Because of the surge in coronavirus cases in our county, we were among those who took several giant steps backward. No more mani-pedis or haircuts. No indoor restaurant service. No more gym, and no more indoor church. And don’t think of having a party. Hiking in the park and trips for necessities were our only outside activities, spiced up with an occasional medical appointment.
So after not seeing Jennifer, our daughter, and her family for several weeks, we decided to accept an invitation to an outside barbecue. Sadie and Teddy were included. This was their first outing.
But this blog is not about having dinner with family (which was lovely, by the way). And it’s not about how amazingly well-behaved the pups were or how they brought their own special joy to the evening (who knew they would be party animals?).
It’s more about how I waited until the last minute to get ready. The hermit in me was having a hard time getting ready to socialize. But I finally took a shower, and using all my courage, I faced the magnifying mirror in my bedroom. It wasn’t pretty. I have often wondered at the migration of hair as one ages. Why do the tails of your eyebrows end up on your upper lip and chin so that you always looked surprised? I dealt with the beard and the mustache and threw on some makeup (I’m down to five products—eat your heart out, Sephora). I blew-dry my hair upside down (which is always a risk), put on shorts, a shirt, and sandals, and I was good to go.
Someone once asked me if I was an introvert or an extrovert. I guess the answer is that I’m an introverted extrovert. I’m perfectly content being at home, but I love being with friends and family. Somehow during this whole sheltering-at-home thing, though, the balance has tipped, and I have taken on the reclusiveness of Yoda, including the facial hair—but not the ears, although did you know your ears never stop growing? “When nine hundred years old you reach, look as good you will not.”*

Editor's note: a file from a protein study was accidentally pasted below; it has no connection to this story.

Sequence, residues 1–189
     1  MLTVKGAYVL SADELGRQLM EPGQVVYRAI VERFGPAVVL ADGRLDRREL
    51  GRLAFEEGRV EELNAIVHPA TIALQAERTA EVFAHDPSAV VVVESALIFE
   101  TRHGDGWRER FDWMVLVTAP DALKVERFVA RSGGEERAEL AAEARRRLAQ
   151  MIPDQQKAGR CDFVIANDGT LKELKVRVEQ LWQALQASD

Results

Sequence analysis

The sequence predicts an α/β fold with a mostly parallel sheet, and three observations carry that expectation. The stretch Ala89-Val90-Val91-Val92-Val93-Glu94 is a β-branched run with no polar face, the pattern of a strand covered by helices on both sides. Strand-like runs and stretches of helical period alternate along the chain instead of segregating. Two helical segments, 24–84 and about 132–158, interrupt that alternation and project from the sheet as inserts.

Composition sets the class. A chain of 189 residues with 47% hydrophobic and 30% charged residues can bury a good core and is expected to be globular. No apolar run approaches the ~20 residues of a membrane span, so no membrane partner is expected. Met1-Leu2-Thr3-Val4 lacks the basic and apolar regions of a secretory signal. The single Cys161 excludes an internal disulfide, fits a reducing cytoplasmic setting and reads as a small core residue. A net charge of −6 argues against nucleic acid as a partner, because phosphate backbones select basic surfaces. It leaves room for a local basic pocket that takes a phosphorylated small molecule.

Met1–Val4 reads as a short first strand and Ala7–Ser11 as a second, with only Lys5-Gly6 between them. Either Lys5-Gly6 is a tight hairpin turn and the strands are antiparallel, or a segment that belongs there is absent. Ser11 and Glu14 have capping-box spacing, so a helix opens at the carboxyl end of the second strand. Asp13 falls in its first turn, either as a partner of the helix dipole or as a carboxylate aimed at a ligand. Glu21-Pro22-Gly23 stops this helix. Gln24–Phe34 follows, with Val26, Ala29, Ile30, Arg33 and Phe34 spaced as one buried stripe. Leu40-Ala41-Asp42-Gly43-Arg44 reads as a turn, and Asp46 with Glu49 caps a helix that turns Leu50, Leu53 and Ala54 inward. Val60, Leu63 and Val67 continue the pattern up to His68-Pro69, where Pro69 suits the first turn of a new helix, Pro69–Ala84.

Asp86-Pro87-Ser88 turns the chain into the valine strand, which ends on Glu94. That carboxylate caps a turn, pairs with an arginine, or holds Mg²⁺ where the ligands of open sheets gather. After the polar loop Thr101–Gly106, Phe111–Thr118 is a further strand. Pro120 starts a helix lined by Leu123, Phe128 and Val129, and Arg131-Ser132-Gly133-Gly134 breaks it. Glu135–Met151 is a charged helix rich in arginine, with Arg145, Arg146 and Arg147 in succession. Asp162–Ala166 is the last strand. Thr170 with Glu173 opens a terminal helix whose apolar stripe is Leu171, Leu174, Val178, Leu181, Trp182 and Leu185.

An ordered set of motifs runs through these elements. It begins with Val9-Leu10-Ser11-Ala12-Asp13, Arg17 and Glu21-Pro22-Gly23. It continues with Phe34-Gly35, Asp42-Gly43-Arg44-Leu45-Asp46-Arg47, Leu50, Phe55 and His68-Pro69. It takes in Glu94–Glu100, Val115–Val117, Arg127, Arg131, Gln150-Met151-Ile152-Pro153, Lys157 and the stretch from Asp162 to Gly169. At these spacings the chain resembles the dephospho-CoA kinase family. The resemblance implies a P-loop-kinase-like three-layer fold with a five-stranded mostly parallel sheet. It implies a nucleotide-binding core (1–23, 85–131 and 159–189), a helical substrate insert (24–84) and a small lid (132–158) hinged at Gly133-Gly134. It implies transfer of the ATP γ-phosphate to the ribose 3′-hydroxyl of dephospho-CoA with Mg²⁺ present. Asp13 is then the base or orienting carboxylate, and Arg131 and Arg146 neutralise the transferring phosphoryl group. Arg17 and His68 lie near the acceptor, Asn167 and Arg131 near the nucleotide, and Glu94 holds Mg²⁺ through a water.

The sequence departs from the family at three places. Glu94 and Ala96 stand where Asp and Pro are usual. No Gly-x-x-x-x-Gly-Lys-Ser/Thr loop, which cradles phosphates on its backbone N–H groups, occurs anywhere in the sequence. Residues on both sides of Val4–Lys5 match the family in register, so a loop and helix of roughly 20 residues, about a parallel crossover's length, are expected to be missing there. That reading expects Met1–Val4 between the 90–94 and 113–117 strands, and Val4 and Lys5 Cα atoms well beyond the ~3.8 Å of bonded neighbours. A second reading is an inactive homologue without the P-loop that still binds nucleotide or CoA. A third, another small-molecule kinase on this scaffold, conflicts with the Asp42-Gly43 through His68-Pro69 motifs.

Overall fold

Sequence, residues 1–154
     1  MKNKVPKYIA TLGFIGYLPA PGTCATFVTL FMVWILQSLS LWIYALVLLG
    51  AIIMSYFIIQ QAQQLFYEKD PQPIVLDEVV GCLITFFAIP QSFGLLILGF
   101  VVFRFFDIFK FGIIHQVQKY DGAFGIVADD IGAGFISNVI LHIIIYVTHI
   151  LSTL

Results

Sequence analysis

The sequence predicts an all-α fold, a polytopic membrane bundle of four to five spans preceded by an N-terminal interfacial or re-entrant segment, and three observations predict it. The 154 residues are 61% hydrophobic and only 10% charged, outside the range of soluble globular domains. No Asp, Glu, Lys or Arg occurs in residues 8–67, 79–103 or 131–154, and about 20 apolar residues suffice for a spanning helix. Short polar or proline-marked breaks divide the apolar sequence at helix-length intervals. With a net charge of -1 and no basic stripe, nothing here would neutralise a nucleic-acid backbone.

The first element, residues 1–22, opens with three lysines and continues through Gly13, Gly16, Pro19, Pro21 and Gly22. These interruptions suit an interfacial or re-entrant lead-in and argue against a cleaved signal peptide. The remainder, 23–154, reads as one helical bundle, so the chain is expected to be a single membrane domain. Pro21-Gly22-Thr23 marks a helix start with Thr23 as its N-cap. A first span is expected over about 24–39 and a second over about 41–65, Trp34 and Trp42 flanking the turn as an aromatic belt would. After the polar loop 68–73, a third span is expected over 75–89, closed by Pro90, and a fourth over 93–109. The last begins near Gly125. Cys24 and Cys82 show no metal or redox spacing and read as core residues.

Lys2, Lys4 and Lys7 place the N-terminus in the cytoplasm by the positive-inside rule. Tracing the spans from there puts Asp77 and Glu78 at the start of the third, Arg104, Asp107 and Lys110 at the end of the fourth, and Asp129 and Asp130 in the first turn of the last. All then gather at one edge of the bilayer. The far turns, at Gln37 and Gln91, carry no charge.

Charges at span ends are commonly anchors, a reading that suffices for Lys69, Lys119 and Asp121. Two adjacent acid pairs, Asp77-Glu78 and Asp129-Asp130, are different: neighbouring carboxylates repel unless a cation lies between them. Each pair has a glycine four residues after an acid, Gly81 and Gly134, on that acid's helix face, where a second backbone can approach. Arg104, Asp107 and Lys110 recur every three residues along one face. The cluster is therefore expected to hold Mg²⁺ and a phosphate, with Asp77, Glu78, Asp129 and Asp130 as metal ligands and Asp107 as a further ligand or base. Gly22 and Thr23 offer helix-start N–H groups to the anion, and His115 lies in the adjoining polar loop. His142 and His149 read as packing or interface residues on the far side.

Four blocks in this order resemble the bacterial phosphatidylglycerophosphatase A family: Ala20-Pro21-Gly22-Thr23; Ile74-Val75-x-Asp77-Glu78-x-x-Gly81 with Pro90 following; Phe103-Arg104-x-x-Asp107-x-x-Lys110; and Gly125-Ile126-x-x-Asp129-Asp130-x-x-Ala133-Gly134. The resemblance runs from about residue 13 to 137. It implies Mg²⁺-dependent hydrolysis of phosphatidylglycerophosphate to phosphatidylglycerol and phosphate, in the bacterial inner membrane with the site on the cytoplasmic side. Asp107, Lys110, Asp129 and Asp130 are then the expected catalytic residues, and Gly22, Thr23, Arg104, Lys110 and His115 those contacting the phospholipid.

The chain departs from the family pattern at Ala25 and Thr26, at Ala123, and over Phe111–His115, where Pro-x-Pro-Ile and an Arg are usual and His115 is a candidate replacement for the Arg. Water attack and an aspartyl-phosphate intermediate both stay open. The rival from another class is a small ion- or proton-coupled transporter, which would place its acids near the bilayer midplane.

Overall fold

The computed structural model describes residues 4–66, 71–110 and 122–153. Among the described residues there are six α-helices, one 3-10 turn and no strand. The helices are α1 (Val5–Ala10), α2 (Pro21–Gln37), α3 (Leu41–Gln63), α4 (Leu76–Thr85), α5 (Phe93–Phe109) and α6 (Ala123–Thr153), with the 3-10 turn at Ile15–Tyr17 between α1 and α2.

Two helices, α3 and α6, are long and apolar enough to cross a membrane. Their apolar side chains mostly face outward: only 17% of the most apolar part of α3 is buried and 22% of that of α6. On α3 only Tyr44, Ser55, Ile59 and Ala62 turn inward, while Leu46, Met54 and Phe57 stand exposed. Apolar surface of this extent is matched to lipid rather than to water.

The next morning was Saturday, and I was thinking about how much I had really enjoyed the evening and that this social isolation diet I was on was not healthy. Sitting at the dining room table with my first cup of coffee, I was surrounded by the tools for my usual early morning activities. And that was when the horrid truth became known: we had no internet connection! We didn’t even have a landline. Oh, the horror of it! John went and fiddled with the router. Our collective knowledge of this device is, if it doesn’t work, turn it off and on—if you’re lucky, you’re in business. Not this day. John had to sit in his truck to talk to our provider. A mere forty-five minutes later, we had an appointment three days later between 1 and 5 p.m. for repair. “To a dark place this line of thought will carry us. Great care we must take.”
I soon realized how connected I am, since I was suddenly disconnected. This social isolation stunk. For one thing, how could I know what the weather was going to be (although I had a good idea it was going to be somewhere between “blistering” and “inferno”). I know you can just go outside, but I like to know what’s going to happen over the course of the day. And then there is the ten-day “pretty inaccurate” forecast … Still, I like to know. “If routine you count on, disappointed your hopes will be.“
On top of that, I had been eager to do a little online shopping and some research. That was not happening. Emails were iffy, and our landline was dead. And what were we going to do that night, with no ability to stream movies or other programs? “Adventure. Excitement. A Jedi craves not these things.”
Staring sullenly into the foam in my coffee cup, I heard a familiar chime. A text had come! I grabbed my phone like it was the last piece of chocolate in the See’s candy box when the pandemic struck. Oh joy! I was not in a conversational desert! I soon found out I couldn’t download or upload anything—but still, connection was there. A few chimes later, I found I was in a group text with about forty other people. “Patience, you must have …”
*These are all, of course, quotes from the master of the Jedi.